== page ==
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On burning 30 years worth of journals at the end of summer

Summer is drawing to a close and, looking back, this was a great big one personally. I shifted from hiking during the June, July & August for the most part in favor of going car camping and meeting up with old and new friends. There were a couple of exceptions however but those were mostly at higher elevations in the mountains with some hiking friends of mine. Sum total though, it’s been a mix of both solitude and camaraderie.

Toward the end, however, I decided to burn about 30 some years of personal journals that I’ve been lugging around with me for a long time now. Well, I should mention that I’ve been on a minimalism track at home while amping up my reading habit as well. When you have a bookcase full of volumes, stuff reduction goals can sort of collide. I was looking for more space on my shelves one day for, yup, more books when my gaze turned toward a whole block of personal journals. I had read an article by a woman who burned hers in an attempt to keep her private thoughts from her kid as she was facing the curious years. I liked how she thought about this and presented her mental goodbye, however. Mine was not about hiding information though. I’m not that private. If I were I would not have bared all, so to speak, in places like social media for so many years, written my personal thoughts on this blog for nearly ten years, or share so openly on the AHA Support Network the way I do. While I try to be as proper as I can, privacy is no longer in my nature I suppose.

I chose to take my box of journals out mid-August this year on my last car camping trip of the summer. It was under the full moon of August 15, thinking about all the versions of myself that got me to where I am now, standing beside a roaring campfire in the heat of the summer night under the stars that were beginning to peek out tossing notebook by notebook into the fire. Honoring the younger men I used to be, in the process, for the struggles they faced, the trouble they caused and a life lived.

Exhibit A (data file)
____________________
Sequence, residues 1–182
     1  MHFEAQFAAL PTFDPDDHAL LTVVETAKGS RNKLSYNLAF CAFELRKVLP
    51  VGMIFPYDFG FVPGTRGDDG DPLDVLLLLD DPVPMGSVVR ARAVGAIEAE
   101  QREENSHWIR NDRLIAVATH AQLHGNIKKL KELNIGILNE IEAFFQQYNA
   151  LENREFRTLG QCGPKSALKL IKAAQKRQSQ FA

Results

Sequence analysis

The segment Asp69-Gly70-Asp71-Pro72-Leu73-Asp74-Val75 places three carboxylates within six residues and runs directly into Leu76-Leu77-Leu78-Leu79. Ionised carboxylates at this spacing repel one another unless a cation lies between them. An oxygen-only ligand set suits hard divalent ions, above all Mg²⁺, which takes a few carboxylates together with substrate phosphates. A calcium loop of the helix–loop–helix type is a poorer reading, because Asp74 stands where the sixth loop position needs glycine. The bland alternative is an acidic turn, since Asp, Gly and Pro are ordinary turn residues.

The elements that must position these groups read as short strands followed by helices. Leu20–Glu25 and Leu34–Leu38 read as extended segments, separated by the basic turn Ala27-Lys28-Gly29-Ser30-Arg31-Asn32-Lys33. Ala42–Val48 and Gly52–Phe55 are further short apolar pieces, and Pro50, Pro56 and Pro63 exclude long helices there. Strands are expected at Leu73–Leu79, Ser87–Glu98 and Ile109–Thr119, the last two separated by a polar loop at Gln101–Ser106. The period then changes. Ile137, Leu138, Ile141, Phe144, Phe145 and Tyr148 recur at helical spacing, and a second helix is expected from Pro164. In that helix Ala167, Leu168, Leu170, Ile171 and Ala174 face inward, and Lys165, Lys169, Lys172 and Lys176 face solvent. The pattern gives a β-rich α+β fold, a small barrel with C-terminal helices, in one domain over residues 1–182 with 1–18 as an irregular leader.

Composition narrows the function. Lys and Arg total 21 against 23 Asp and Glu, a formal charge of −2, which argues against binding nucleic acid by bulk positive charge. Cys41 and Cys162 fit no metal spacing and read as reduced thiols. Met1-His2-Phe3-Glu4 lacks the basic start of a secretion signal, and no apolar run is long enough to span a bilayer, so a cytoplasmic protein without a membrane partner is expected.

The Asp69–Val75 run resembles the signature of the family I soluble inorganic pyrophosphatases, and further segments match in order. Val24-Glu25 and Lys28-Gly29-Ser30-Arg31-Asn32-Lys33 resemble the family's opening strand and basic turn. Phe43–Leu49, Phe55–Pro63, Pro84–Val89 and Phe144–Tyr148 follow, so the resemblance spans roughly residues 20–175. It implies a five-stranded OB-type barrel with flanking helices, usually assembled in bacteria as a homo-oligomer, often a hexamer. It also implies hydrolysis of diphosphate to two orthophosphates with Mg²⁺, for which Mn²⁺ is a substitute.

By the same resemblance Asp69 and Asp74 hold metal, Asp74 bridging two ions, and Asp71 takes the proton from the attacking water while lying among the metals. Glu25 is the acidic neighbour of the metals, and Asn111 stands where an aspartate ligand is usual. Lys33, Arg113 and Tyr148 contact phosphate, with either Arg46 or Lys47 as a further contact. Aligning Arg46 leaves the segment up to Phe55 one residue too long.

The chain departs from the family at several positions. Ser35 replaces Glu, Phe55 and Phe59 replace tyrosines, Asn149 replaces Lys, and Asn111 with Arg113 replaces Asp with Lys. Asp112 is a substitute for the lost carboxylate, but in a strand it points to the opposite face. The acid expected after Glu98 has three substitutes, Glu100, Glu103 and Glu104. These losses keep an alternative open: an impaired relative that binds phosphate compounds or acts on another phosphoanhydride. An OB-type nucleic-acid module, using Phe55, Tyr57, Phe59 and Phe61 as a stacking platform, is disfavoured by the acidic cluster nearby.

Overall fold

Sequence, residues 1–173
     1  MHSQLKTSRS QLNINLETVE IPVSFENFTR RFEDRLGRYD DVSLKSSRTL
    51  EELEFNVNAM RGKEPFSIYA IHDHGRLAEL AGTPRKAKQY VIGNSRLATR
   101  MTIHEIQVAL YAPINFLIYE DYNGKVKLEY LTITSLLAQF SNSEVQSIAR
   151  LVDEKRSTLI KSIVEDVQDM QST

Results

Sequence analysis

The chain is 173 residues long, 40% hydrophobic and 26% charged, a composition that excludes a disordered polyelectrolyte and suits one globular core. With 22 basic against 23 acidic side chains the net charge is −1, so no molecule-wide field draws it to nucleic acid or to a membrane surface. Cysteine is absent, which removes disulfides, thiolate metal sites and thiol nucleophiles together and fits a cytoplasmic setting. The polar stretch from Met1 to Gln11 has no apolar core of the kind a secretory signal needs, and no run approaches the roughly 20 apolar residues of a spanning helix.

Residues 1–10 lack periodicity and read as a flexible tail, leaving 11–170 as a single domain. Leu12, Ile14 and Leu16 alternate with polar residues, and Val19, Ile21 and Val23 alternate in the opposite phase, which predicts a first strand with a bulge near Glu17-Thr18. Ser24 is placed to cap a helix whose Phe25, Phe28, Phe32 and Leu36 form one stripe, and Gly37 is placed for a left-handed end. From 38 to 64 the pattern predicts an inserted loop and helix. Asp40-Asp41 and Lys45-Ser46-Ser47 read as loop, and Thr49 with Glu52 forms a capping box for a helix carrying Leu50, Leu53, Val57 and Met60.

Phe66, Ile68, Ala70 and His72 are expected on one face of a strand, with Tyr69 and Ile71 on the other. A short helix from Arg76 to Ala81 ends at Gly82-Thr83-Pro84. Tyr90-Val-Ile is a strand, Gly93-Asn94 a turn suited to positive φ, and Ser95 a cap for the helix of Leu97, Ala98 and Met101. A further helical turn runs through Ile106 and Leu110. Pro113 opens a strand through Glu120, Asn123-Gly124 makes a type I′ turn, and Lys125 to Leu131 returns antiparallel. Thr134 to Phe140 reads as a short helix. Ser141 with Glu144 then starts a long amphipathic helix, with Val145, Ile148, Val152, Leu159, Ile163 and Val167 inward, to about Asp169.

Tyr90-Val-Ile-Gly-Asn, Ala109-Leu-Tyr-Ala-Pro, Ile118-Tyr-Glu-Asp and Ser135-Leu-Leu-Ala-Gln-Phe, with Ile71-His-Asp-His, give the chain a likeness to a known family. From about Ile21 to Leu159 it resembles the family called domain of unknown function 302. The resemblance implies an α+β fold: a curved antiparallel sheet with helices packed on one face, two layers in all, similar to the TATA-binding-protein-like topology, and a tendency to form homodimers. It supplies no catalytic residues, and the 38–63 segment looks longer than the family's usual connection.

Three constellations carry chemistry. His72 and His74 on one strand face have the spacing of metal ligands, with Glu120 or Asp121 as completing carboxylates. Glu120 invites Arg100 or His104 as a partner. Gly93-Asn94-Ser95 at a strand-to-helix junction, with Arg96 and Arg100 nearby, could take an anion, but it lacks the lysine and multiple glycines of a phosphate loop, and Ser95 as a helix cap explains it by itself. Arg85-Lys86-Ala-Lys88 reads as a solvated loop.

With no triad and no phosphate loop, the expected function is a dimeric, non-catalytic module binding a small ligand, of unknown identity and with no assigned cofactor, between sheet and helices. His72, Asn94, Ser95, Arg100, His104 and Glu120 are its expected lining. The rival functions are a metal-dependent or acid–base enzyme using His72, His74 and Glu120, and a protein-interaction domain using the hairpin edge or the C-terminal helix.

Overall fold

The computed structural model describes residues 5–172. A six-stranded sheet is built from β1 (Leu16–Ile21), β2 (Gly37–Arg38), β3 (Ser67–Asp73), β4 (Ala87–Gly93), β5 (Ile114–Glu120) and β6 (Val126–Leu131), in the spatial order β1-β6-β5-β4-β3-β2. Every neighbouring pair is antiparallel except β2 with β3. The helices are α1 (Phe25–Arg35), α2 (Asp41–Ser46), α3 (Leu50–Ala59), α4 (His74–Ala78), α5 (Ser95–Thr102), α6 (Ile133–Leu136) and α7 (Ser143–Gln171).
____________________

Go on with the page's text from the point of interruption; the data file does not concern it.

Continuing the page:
One of the other campers asked what I was doing, “why are you burning books?!?!” I told him the nutshell version of what was up and, of course, his response was something like, “well, that must be cathartic.” It was not. Not the intention at all. There was only appreciation and gratitude for the messes I’ve stumbled through on my mind in front of the fire under the moonlight that evening. Hell, at a certain point, I went out for a night swim to cool off, skinny dipping, of course, enjoying the feel of the water while floating and looking up at the night sky. I returned back to my fire ring and continued to bank the fire higher which dried my naked form in short order giving me more than a few moments to think about, not just myself but, all of the friends whom I wrote about in these pages as the caught flame and burned brightly for a few moments. More than a few of my friends are now dead. Alive only in my memories. Relationships. First times. I’m adventurous so there have been a few of those. Problematic epochs in my life. Disasters. Triumphs. Explorations. Failures. More than my share of fun.

If anything, I felt reminded of life. The man I have become and the ones I have no idea about as of yet. All I know is that it was a perfect way to close out an incredible summer. I feel, more than anything, stronger and more centered as a result of not just this collection of experiences but an overall course of direction that I hope to follow now through 2020. If anything rings true, there will be a ton of changes for sure, but at the core, I think there will always be gratitude for both what has passed and what I have today.

I can only hope that everyone out there in the world at large experiences something similar in whatever way they find it.

Published inpersonal

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